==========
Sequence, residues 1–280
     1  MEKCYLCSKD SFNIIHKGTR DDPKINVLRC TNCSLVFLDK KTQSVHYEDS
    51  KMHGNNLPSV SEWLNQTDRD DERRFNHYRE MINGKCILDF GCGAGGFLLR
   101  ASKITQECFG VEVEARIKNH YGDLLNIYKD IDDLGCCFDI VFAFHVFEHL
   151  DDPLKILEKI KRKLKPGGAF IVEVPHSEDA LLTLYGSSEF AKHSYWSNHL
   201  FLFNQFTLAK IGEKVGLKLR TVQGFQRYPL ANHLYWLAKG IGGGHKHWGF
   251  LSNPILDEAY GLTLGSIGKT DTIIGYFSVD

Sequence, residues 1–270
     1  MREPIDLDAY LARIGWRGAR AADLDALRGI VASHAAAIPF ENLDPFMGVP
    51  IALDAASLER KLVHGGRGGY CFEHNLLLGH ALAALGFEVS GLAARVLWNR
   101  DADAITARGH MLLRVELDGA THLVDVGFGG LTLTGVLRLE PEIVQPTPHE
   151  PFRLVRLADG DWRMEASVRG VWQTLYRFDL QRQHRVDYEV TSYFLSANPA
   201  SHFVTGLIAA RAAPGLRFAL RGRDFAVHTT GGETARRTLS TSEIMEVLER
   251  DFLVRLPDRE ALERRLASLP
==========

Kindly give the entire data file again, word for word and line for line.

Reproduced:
Sequence, residues 1–280
     1  MEKCYLCSKD SFNIIHKGTR DDPKINVLRC TNCSLVFLDK KTQSVHYEDS
    51  KMHGNNLPSV SEWLNQTDRD DERRFNHYRE MINGKCILDF GCGAGGFLLR
   101  ASKITQECFG VEVEARIKNH YGDLLNIYKD IDDLGCCFDI VFAFHVFEHL
   151  DDPLKILEKI KRKLKPGGAF IVEVPHSEDA LLTLYGSSEF AKHSYWSNHL
   201  FLFNQFTLAK IGEKVGLKLR TVQGFQRYPL ANHLYWLAKG IGGGHKHWGF
   251  LSNPILDEAY GLTLGSIGKT DTIIGYFSVD

Sequence, residues 1–270
     1  MREPIDLDAY LARIGWRGAR AADLDALRGI VASHAAAIPF ENLDPFMGVP
    51  IALDAASLER KLVHGGRGGY CFEHNLLLGH ALAALGFEVS GLAARVLWNR
   101  DADAITARGH MLLRVELDGA THLVDVGFGG LTLTGVLRLE PEIVQPTPHE
   151  PFRLVRLADG DWRMEASVRG VWQTLYRFDL QRQHRVDYEV TSYFLSANPA
   201  SHFVTGLIAA RAAPGLRFAL RGRDFAVHTT GGETARRTLS TSEIMEVLER
   251  DFLVRLPDRE ALERRLASLP